How much is it worth?

Everyone has food memories from their childhood. Some even have happy food memories.
If you’re like me, and you’re living in the city where you grew up, you may still be able to relive your childhood memories. The only time you can’t is when the place closes. (I really miss Kip’s Big Boy, but I have Frisch’s Big Boy when I visit my grandkids in Ohio.)
I think food memories are hardest on people exiled from their childhood homes (sometimes by choice) where the food is still available, you just can’t get there from here. This is especially true if you are from a cultural background that reveres food.
The Spousal Unit is from Brooklyn and she is Brooklyn Italian. She is … opinionated about food. If you want to get her going, just call “pasta” “noodles” or tell her if she needs pizza, Dominos can be here in a half-hour, and if she really needs an Italian food fix, there’s always the Olive Garden.
Never mention Olive Garden – except to her sisters, who inexplicably like it.
This week, in earth-shaking news, DaVinci Pizzeria, the Spousal Unit’s favorite pizzeria in Brooklyn (and therefore in the world) started shipping their pizza. Shipping, as in having FedEx deliver pizza to anywhere they can reach in two days that is willing to pay the rather pricey shipping charges. (Frozen food requires two-day shipping, which is not cheap.) You can order online, which takes some of the fun out of calling for pizza, but it works. 
DaVinci has Sicilian pizza, which is not pizza. It’s a very thick crust, and you don’t get slices, you get squares. It reminds me of Chicago deep-dish pizza, but I don’t say that out loud, because I want to live.
So, while my wife was reveling in the pizza of her childhood arriving on her doorstep, a lot of other people are complaining directly to the pizzeria on their Facebook page about how much it costs.
These were my (slightly-edited) thoughts which I posted, but their page is wisely moderated, so we’ll see if they think it’s worth posting – it’s a defense of small business and a plea to just mind your own beeswax if you think someone has their priorities out of whack:
To everyone complaining about shipping costs, I feel your pain. As the husband of a Brooklyn expatriate, I have had 19+ years of “You don’t understand! You can’t get that here! I NEED IT.”
 
I’ve only been to DaVinci Pizza once – we were visiting my wife’s family and friends in the area, so we went for lunch. My wife was taking photos of all the food with her cell phone. One of the staff asked if she wanted a picture of the two of us. She said, “Why would I want that? I just need photos of the food.”
 
Any food shipped to Texas from New York is insanely expensive – but it’s mostly the shipping costs, with the possible exception of Junior’s Cheesecake – and they’re relatively famous, so they have volume in their favor. Pastosa Ravioli will ship, but the shipping costs more than the pasta. We tried to order cookies for my wife’s Aunt in Florida once, and decided we just didn’t love her that much.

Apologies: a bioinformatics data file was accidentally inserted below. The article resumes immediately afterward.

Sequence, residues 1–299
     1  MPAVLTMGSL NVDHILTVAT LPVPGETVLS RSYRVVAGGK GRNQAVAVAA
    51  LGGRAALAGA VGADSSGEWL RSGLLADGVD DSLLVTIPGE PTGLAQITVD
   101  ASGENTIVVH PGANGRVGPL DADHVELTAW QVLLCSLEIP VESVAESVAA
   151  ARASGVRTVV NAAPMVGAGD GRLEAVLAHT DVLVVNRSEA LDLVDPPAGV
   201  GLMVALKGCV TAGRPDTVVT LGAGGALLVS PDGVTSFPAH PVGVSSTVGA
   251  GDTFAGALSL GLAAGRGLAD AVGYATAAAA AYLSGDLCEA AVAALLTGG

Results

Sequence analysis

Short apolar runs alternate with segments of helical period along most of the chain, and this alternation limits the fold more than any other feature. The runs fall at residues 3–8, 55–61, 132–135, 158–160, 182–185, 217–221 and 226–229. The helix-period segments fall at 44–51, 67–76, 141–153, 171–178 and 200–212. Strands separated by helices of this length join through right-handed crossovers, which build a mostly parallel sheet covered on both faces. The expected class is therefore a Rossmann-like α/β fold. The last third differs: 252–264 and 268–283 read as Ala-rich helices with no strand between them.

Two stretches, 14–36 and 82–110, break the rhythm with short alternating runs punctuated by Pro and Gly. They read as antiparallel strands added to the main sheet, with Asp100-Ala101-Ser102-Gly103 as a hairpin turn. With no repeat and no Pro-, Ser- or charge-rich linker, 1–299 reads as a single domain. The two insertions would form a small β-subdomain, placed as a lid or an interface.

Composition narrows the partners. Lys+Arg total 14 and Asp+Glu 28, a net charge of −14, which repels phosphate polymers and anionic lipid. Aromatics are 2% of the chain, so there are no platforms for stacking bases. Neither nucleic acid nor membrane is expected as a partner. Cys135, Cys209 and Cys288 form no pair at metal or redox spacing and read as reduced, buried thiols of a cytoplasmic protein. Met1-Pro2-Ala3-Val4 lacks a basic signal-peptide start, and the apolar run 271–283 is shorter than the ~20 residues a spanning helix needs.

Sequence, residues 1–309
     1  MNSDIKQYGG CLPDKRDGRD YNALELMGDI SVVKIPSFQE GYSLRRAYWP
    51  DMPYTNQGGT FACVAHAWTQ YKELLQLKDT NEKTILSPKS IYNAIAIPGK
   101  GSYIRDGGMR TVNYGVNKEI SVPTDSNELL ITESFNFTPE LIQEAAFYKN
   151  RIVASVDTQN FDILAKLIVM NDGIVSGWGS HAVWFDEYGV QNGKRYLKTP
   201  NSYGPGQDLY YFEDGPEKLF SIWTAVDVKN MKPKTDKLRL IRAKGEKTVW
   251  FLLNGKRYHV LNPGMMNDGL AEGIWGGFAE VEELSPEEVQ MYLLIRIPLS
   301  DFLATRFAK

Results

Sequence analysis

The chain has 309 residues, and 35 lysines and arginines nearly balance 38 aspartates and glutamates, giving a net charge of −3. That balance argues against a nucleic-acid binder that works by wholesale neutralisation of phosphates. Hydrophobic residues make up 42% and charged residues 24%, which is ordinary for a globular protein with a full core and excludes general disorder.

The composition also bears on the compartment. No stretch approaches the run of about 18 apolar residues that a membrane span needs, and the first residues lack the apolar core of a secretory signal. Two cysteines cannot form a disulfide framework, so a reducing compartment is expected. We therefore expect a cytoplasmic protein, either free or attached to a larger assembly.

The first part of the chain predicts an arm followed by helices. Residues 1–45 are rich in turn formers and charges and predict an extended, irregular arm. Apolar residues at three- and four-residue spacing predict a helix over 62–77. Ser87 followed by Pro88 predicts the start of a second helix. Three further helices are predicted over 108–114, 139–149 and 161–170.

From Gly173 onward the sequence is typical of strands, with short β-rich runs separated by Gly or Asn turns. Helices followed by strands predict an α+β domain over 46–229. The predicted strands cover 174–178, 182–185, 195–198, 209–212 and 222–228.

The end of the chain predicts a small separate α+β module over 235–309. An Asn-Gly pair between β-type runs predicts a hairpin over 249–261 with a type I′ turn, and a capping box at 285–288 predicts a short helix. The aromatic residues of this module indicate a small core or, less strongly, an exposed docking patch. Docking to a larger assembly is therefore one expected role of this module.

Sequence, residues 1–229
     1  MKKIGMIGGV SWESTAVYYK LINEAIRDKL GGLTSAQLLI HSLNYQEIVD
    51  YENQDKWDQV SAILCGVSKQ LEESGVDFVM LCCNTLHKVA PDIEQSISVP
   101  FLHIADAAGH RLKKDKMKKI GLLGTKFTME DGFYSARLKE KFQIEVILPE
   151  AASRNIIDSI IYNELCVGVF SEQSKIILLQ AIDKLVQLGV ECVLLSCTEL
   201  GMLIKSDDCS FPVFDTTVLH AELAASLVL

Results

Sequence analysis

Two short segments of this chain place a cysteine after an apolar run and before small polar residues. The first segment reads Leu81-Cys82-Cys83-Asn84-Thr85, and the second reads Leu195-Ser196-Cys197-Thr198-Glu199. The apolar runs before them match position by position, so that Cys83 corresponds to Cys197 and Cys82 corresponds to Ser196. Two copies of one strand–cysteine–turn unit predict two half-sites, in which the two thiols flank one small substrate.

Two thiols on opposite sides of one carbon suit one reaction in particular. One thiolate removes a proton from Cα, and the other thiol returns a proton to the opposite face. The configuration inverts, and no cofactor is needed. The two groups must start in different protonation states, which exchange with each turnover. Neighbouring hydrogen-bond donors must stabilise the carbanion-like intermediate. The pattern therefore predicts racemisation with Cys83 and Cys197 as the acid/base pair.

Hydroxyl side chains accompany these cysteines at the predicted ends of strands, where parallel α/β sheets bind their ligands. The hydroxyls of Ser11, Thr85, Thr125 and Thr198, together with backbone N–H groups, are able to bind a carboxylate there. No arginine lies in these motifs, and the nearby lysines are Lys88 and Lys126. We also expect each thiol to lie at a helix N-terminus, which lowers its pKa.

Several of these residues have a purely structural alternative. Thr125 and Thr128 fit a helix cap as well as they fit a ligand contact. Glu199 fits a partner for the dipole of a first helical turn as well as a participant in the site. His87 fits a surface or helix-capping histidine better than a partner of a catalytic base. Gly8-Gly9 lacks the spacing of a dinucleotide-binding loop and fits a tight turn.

My only salvation is Jimmy’s Food Store  in East Dallas who has owners that import some critical Italian necessities (as in the aforementioned Pastosa Ravioli.) So, if you’re in Dallas, go to Jimmy’s. Tell them Kevin sent you. 
 
Here’s the issue that Mom and Pop businesses run into – the stores don’t set the shipping rates. They either absorb them which kills their profit or pass them on which annoys their potential customers. Sure, you can ship more slowly, but the food won’t arrive edible. I did think $80+ shipping to get $100 of pizza to Dallas was a bit insane, but it’s cheaper than us flying to Brooklyn and having my wife discover all the other stuff she needs to take home. (It’s also cheaper than a two-day UberEats delivery with the pie in the back of a random driver’s car.) 
 
So, I had really, really good Sicilian pizza last night and a calzone for lunch today, and my wife is happy (Happy wife, well, happy wife.) However, I know my late mom-in-law will put in a good word for me on Judgement Day because I got her favorite child (well, except for her Shih-Tzu) a real Brooklyn Sicilian pizza and I ate a proper calzone.
I didn’t really have much of a choice – I saw the announcement that they were shipping, and I told my wife, so it’s my fault, anyway. My only fear was adding up the costs, and wondering what would happen if it arrived and it sucked.
It didn’t suck.
It may be too expensive for some. However, if it brings someone’s childhood back, even for a moment, that’s worth it.

Travel Bag

My travel bag used to be pretty simple. Laptop, charger. Done. If I was going overseas, I needed a wall adapter. Lately, the list has started growing. What’s interesting is how much of the technology is duplicated – laptops and phones have cameras and GPS units, for example. This current trip has added a number of things out of boredom, but if you’re going to travel on business, boredom is a good possibility.

Now, we have:

Technology

  • iPhone
    • Wall adapter and USB cable
  • iPad
    • Wall adapter and USB cable
  • Macbook Air
    • Power cord
  • Work Dell laptop (actually, in its own bag)
    • Power cord

Photography (mainly because my backpack is also my camera bag)

  • Nikon D5300 camera
    • Fisheye lens
    • 50mm fixed lens (added this trip)
    • 18-140mm zoom lens
    • 55-300mm zoom lens

Medical Equipment

  • USB charger for Garmin vivosmart3 (“Fitbit”)
  • CPAP (actually in suitcase)
  • Glucose Meter
    • Lancets
    • Blood Testing Strips
    • Alcohol wipes

Navigation

  • Garmin Etrex 10 GPS
  • Bushnell Backtrack GPS
  • Bad Elf GPS adapter for iPad

Miscellaneous

  • Power strip (for CPAP or other needs)
  • Amazon Fire Stick (added this trip)
    • USB cord and wall adapter
  • Bracketron Window Mount (for iPhone camera & GPS use) (added this trip)

I really need an additional USB cable to leave in the car. Next trip.

What have I learned from this?

  • My back hurts. I may know why.
  • Don’t get a GPS from the car rental company when you can use a Bracketron and your own phone, especially if you have a long USB cable for charging. Plus, when you buy the mount, you get the opportunity to sign up as a Uber driver!
  • You can never have too many GPS units.
  • You can never have too many lenses.
  • You can never have too many USB cables.
  • A Fire Stick, Chromecast or Roku is pretty useful now because almost all hotel TVs have HDMI adapters, even the hotels (<cough>Quality Inn<cough>) with crappy cable packages.
  • Best Buy is a bad place to be when you’re bored.

Kick ‘em when they’re down